Gateway was first demonstrated during the keynote address at TechEd last year and is currently in ramp-up. It should be generally available later this year.
Technically speaking Gateway allows for the creation of services that expose SAP ERP (and other Business Suite)
functionality to web-based applications using a REST-based interface (using OData). Compared to the established web service-based approach to do this there is very little overhead as OData is stateless and supports only five functions (CRUD and query). In addition Gateway contains plug-ins for the most common development environments which create a simple app based on Gateway services (Xcode, Visual Studio, Eclipse). I attended a hands-on session during which we built a pretty snazzy ASP.Net app in less than an hour (end-to-end). In a non-technical manner this means that developers can very easily (in minutes) take an existing transaction or function module in SAP ERP and expose it to web apps. While the main focus of Gateway is on mobile apps it is by no means limited to that. Since it exposes functionality using a standard layer (OData) all apps developed on platforms that support OData can leverage Gateway. SAP also announced a suite of mobile apps developed (mostly) using Gateway that will be available later this year. From playing with them at the demo pods I got the impression that they are much more polished and easier to use than previous SAP attempts to mobile. Each app serves a very narrow dedicated purpose (e.g. travel expenses or time entry) and is geared towards addressing one specific problem (vs. an entire process in previous solutions like Direct Store Delivery). More information about Gateway can be found here.
While Gateway offers a lot for developers a common challenge in enterprise deployments of mobile apps is the distribution and synchronization of data and apps, security and device management. The Sybase Unwired Platform (SUP)is a set of tools that addresses these challenges. It contains Afaria which is a well-established tool for device management and security, the Data Orchestration Engine (DOE) for replication of data and an SDK to make these services available in platform-native development environments (iOS, Andoid, Blackberry and soon Windows Mobile).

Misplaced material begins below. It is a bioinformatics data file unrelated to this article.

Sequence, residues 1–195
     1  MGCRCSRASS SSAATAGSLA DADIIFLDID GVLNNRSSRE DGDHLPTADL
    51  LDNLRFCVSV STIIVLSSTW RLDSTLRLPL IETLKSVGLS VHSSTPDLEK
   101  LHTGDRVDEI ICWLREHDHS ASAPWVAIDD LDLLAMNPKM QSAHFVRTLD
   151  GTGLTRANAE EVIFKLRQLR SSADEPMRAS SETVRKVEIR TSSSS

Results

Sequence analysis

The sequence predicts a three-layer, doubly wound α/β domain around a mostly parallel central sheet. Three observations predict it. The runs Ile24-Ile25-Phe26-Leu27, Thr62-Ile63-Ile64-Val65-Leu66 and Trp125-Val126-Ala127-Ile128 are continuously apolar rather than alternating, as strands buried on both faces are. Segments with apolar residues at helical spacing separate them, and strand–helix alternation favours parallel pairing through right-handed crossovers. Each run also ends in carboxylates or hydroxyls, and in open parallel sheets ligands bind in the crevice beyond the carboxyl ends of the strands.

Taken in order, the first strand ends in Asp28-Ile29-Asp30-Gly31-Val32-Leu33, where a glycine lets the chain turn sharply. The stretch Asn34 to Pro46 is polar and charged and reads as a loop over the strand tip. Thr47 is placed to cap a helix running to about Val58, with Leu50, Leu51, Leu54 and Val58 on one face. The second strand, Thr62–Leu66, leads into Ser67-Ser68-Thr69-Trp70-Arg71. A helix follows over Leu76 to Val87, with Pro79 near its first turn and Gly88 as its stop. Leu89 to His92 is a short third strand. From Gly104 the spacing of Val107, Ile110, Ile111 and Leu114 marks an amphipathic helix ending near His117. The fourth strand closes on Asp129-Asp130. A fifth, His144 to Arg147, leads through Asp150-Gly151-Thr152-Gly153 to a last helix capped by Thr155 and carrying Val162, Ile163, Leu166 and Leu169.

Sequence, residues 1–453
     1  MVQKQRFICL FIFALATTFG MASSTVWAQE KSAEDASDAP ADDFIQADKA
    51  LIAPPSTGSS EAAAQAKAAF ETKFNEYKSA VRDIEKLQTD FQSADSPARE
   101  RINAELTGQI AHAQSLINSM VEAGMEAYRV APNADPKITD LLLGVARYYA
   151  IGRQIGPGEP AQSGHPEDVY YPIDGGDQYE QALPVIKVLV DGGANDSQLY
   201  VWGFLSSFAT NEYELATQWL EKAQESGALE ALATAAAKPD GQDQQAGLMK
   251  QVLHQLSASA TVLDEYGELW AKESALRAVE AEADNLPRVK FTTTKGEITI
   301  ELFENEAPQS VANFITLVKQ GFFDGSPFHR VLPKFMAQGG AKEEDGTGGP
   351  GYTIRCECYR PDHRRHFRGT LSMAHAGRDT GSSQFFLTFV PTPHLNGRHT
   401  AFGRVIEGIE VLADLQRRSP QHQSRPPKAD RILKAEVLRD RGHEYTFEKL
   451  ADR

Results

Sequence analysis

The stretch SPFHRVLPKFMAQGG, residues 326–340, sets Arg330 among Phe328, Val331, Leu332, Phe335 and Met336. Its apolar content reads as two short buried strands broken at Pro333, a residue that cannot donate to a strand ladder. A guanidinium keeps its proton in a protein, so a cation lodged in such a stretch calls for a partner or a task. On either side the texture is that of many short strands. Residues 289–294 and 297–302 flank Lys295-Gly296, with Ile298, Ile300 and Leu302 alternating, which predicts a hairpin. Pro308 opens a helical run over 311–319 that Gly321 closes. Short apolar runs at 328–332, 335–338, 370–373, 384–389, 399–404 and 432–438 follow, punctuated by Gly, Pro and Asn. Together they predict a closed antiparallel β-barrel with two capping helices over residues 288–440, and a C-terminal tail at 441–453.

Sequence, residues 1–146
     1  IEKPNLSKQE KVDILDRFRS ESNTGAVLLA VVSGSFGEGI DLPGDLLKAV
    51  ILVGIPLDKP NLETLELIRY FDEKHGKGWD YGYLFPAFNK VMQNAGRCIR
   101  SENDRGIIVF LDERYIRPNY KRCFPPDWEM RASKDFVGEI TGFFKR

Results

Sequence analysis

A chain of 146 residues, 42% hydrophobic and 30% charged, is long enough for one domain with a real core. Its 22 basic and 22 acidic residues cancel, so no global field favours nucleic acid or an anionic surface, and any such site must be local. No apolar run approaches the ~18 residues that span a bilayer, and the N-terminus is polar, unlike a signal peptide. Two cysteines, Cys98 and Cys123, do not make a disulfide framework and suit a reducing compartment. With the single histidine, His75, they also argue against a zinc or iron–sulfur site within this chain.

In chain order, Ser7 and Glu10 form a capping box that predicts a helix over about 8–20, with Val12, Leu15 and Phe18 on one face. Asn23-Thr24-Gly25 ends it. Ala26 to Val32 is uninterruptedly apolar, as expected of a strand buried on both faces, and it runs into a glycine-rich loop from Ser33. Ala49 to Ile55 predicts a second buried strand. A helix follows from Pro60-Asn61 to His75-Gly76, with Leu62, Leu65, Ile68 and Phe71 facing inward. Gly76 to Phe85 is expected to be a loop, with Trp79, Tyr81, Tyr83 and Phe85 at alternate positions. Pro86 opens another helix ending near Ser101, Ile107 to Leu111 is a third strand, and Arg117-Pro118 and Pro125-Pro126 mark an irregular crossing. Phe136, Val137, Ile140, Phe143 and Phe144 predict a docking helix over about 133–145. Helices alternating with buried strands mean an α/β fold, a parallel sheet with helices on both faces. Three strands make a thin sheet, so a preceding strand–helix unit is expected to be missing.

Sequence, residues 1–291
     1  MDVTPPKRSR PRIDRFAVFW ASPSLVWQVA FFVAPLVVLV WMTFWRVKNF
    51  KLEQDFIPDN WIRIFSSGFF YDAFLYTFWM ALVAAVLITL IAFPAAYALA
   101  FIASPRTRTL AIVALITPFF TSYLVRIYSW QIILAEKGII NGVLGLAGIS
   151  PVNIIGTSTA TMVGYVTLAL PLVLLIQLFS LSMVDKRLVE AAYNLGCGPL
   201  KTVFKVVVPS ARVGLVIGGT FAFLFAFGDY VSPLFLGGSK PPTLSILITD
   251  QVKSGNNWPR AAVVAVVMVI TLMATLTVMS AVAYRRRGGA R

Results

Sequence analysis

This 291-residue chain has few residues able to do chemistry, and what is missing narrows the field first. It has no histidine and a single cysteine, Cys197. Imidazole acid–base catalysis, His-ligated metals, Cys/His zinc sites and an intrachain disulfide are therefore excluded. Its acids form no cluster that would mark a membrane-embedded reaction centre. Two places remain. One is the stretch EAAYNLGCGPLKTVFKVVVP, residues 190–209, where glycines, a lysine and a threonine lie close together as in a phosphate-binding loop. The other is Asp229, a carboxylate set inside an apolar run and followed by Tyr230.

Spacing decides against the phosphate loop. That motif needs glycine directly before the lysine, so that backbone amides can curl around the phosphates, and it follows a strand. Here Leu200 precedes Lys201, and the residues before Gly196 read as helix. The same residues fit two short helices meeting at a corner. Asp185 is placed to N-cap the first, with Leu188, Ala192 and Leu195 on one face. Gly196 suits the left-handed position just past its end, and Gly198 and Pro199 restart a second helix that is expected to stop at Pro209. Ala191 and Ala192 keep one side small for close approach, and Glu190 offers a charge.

In addition to these larger topics here are a few tidbits that will change the way SAP solutions look like:
- ABAP is a-changing – starts to look more like a modern language… With HANA SAP had to address the way data is modeled and accessed from ABAP. In addition (and not as a replacement…) to OpenSQL SAP will add ABQL (ABAP Query Language) which leverages a rich domain model to describe the data underlying a program. SAP will gain expressions and functions as well as method chaining which streamlines source code a lot.
- UI modernization is a topic that has caused some frustration over the years as much of SAP’s UI still uses the ‘classic’ SAPGUI vs. more modern technologies like Web Dynpro. SAP’s challenge is that the existing transactions (‘Dynpros’) contain both the UI and the business logic which makes it very complicated to redesign them. Instead of attempting to do a wholesale redesign of the familiar user interface SAP is now rolling out tools that add functionality to the ‘classic’ transactions without changing them: using the NetWeaver Business Client (available for a while now) SAP is adding a ‘side panel’ which can contain CHIPs that react to the data currently being processed in the main SAPGUI transaction. In real life this could mean a CHIP in the side panel of the sales order entry transaction that shows instant analytics or additional information for the customer or material currently being processed in the main transaction. SAP will delivery predefined roles which contain predefined side panels (more than 500) in a forthcoming Enhancement Package.
- The Process Integration (PI) platform will gain more powerful options in a Java-only deployment. In the past all PI systems had to contain both the ABAP and Java stack which added complexity. The ABAP stack contained a number of functions (ccBPM, IDoc connector) for which SAP will make substitutes available on the Java stack allowing customers to install PI with only a Java stack without loosing functionality. In addition SAP will also make connectors for platforms available that were lacking in the past: AS2, OFTP and SFTP. This opens the door do using PI as an EDI translator without the need for additional connectors.